Happy, Happy Day !!!!!!! The Amazing Race starts up again, Sunday night on CBS -- it's my all-time favorite show ever. Couples racing around the world, solving problems, conquering challenges, breaking language barriers, experiences countries and cultures and most of all - arguing. How can you spend weeks on the road with a loved one and not argue?
Dave and I started our Hawaiian vacation under travel duress last year. We flew into Honolulu, rented a car and drove to Waikiki and had to navigate to our hotel. Here is where the problem begins. We are completely unfamiliar with the island, with Waikiki, and with the Hawaiian language in general - pronunciations and spellings. I found that every street name started with a K or an L and then was followed by 7 vowels, then an H or an N then 4 more vowels and some apostrophes mixed in. By the time I figured out what the name of the street was on the map, we were 4 blocks past where we saw the street. I just calmly folded up the map and put it away. Dave finally noticed I was no longer navigating. I told him we were just going to have to drive up and down the streets of Waikiki until we happened to run across the Radisson Hotel. Very fortunately for us, the Radisson showed up within 5 minutes of our random searching. If it hadn't we would have been heading for an "amazing" navigational argument.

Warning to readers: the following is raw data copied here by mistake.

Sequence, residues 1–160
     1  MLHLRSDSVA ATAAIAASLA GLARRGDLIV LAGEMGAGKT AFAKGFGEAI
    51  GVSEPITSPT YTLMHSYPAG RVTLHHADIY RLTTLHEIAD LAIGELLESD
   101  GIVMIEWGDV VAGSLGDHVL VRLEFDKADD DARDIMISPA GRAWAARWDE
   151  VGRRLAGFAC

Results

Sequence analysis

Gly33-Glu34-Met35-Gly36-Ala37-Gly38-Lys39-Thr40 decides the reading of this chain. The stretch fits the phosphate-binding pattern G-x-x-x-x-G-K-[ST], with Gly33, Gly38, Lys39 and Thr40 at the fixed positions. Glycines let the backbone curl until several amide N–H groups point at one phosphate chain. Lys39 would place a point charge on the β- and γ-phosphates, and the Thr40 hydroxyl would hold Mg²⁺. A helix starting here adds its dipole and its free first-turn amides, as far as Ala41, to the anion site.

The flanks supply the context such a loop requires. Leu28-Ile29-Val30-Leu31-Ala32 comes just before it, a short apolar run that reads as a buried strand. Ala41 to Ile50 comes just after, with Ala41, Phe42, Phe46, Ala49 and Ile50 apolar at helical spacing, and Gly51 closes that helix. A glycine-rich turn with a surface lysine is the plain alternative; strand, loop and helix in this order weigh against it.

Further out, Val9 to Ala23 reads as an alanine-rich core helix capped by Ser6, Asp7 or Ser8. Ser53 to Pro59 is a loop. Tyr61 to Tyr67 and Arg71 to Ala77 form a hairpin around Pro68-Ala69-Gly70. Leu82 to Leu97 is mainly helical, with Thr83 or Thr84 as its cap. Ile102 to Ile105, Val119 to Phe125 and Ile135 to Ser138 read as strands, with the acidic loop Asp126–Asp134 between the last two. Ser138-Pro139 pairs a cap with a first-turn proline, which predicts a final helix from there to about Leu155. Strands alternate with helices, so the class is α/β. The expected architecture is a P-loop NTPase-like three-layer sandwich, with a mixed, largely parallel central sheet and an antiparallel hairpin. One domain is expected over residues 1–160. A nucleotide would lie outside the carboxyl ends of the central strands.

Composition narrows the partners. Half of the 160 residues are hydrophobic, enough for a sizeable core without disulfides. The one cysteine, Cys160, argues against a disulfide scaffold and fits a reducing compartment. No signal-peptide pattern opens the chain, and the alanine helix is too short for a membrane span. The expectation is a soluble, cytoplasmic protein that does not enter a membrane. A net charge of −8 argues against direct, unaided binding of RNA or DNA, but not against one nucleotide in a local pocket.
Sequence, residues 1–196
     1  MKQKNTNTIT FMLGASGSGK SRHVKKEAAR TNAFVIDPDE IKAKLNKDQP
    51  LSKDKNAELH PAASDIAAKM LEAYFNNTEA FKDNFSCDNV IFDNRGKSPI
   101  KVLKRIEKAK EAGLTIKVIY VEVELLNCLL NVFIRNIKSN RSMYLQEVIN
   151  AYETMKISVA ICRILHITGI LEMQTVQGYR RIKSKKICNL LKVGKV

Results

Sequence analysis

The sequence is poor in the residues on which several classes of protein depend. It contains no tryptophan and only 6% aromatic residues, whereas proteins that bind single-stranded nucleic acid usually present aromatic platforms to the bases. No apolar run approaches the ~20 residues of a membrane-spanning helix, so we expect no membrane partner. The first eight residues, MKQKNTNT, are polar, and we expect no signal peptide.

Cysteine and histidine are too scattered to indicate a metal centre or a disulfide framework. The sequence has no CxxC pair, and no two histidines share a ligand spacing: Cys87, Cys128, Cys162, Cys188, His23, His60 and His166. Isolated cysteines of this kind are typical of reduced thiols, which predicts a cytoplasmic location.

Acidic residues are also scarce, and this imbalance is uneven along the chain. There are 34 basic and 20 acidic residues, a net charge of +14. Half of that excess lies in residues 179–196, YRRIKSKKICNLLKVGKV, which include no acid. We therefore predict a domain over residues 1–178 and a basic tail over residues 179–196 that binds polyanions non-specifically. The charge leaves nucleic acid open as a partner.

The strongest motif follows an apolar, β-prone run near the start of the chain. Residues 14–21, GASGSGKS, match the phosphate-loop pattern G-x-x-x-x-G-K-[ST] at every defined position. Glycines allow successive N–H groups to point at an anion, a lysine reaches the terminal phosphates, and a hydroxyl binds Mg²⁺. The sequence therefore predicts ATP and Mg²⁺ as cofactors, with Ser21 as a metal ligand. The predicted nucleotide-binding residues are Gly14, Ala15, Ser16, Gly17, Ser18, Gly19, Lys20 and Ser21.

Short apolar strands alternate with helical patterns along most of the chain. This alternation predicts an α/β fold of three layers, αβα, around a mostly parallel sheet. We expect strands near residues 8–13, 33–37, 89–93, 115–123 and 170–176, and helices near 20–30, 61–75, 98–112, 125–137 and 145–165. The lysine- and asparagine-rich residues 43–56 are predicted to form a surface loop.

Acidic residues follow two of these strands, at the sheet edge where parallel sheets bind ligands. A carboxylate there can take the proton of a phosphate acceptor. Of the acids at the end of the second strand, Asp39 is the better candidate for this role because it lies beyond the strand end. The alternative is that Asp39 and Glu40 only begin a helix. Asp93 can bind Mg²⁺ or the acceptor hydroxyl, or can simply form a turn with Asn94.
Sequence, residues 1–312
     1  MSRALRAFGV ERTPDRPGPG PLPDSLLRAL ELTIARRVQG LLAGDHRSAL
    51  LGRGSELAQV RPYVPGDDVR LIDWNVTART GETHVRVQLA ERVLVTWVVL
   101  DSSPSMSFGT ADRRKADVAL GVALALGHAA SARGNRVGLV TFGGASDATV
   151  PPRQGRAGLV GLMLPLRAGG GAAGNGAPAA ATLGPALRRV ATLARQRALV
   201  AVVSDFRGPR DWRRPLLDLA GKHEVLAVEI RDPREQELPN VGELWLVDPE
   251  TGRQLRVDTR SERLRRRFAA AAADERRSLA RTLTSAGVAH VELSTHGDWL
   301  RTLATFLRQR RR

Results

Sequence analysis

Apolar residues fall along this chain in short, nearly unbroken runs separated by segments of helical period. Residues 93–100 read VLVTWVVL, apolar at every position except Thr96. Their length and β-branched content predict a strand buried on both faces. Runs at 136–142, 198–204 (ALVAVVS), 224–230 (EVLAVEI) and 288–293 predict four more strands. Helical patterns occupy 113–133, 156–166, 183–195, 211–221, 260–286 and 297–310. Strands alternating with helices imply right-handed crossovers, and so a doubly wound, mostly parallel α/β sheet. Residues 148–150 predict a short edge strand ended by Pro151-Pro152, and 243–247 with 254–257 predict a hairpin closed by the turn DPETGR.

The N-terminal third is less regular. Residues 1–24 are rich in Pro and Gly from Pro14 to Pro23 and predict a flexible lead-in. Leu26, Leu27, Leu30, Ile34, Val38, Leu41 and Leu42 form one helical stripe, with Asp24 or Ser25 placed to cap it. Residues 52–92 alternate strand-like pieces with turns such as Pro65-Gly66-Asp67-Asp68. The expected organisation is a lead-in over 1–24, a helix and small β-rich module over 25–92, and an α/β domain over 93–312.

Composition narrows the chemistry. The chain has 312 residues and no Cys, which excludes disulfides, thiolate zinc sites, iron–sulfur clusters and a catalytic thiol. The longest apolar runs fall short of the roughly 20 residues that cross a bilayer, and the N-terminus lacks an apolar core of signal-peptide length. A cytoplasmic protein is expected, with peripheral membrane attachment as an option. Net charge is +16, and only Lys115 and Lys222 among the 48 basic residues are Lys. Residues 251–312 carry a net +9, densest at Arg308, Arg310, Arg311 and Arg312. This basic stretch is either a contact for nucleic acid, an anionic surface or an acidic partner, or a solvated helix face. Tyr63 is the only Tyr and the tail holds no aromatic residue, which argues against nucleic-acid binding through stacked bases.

Speaking of the Hawaiian language. . . my most lovely baby sister lives in Hawaii with her hawaiian husband and a bunch of beautiful hawaiian babies. (ok, some aren't babies anymore, but they are beyond beautiful!) I received a baby announcement for her 4th baby, their first boy. The photo was adorable, and under it was listed the date and time of his birth, his length and weight. Then his name was printed out in big bold letters - KAHIAU. (Admit it, . . . you can't pronounce it either.) I sent her an e-mail and said Hey, I need a pronunciation guide for his name. She responds very sweetly - it's pronounced just like it's spelled. (Hmmm . . . that didn't help). With them living in Hawaii, we don't get to see them very often, so two years go by before we ever see this little guy in person. . . and I still don't know how to pronounce his name. I think that there are some rules of behavior that state you can't ask your own sister the name of her child after 2 years. So I spent the morning listening for someone to say his name. I heard things like "Hey you little monkey" or "Hey little brother" and many other non-name references. I was about to give in to forever calling him "Hey little monkey" when I finally heard my sister say his name loud and clear (in english is sounds like Ka-hee-ow). As the name is a little bit different, it doesn't initially roll off the tongue. I had to practice, practice, practice so today I can proudly state that I can perfectly pronounce the names all 5 of my Hawaiian nieces and nephew, Kamalei, Kokia, Keona, Kahiau and Kapilina -- Amazing!